** “I didn’t notice any uncomfortable silence or any awkwardness in the room as reported on social and then mainstream media.”

*** "‘I was there in Seoul at this lunch. During a short speech, or rather toast, Tim Hunt indeed made a joke, bad joke, unacceptable and sexist [our emphasis] one, but he then went on to praise Korean women scientists and in general encouraged women in science. He said “we need women in science”. He said women should do science despite all the obstacles. This final remark was not reported and this is also very sad'."

2. Deborah Blum:  Storify, Daily Beast, The Times.

Self, positive and negative/critical. Audience, not stated.

3. Natalia Demina: The Times, Radio Free Europe (Russian language, see Timeline, 17 June including Twitter), reported by Louise Mensch on her blog here and here. Further detail in Waddell and Higgins post.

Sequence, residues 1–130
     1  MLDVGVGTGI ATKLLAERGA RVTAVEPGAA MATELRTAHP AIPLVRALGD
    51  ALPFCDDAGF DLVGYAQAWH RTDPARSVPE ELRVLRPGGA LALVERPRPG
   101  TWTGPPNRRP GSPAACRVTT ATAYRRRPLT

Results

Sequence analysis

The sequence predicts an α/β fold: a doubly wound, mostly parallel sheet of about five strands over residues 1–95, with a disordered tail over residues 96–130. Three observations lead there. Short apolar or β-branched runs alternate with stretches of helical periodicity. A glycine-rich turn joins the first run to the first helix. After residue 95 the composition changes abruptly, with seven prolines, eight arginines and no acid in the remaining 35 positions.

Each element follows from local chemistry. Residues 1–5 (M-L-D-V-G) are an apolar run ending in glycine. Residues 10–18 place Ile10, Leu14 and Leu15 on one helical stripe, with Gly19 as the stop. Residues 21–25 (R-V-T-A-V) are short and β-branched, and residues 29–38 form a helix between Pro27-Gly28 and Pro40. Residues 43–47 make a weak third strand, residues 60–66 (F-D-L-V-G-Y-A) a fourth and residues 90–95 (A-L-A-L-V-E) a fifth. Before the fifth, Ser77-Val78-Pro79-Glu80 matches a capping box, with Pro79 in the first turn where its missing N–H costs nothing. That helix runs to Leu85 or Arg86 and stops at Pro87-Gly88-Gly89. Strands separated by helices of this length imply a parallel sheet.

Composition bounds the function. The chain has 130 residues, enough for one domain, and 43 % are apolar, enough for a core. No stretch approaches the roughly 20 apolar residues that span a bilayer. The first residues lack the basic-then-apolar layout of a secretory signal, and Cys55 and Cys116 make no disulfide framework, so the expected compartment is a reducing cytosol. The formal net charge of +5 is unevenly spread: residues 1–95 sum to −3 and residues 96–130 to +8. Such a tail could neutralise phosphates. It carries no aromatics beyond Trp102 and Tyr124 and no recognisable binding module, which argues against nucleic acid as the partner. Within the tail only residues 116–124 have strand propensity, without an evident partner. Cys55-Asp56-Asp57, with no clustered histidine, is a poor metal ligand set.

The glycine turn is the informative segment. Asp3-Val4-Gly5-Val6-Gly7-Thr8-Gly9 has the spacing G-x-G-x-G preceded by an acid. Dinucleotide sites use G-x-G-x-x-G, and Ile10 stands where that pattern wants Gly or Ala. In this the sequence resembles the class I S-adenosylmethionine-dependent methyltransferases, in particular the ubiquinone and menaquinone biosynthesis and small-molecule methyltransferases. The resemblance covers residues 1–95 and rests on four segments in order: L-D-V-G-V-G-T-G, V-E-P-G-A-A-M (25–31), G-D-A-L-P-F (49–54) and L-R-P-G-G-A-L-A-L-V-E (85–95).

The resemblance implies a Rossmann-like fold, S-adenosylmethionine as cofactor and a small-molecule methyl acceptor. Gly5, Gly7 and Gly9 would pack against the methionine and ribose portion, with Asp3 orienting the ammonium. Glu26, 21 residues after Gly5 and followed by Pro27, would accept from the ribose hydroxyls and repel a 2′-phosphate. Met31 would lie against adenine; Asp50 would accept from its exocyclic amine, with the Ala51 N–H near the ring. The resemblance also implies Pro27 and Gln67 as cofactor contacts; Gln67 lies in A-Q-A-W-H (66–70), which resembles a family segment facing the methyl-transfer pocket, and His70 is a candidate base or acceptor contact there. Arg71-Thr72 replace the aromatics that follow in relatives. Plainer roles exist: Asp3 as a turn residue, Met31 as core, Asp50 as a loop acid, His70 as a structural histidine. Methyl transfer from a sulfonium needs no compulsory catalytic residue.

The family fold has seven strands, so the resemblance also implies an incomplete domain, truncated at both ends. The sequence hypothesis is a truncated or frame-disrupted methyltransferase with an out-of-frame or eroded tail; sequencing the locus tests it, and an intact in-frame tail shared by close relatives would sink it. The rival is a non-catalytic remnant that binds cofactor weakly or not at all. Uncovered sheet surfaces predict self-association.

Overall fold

Self, positive. Audience: in The Times, positive*, to Radio Free Europe, positive and negative/critical.**

* Natalia Demina, a Russian science journalist, who was present, tweeted shortly after the speech that “everybody who heard” Sir Tim “understood he was joking”.

She could not be contacted yesterday but wrote online: “For me Tim Hunt’s speech was a joke. I remember that many of my colleagues smiled and applauded . . . I was completely shocked to see the accusations against him.”

** Demina is reported as saying that although she and some others she talked to later thought Hunt's remarks were a harmless joke, others didn't think it was harmless, and the consensus was that it was an unfortunate joke/remark (and the consequences too severe). Consensus that it was an “unfortunate joke at the wrong time”.

4. Timothy Dimacali/Dinacali: Facebook, reported in The Sun on 4 July and a report by Mensch on her blog on 8 July. Waddell and Higgins post.

Self, positive and negative/critical.* Audience: Some positive. 

* “As I keep telling people, he said it in a very lighthearted manner with no outward hint of malice, condescension, or derision.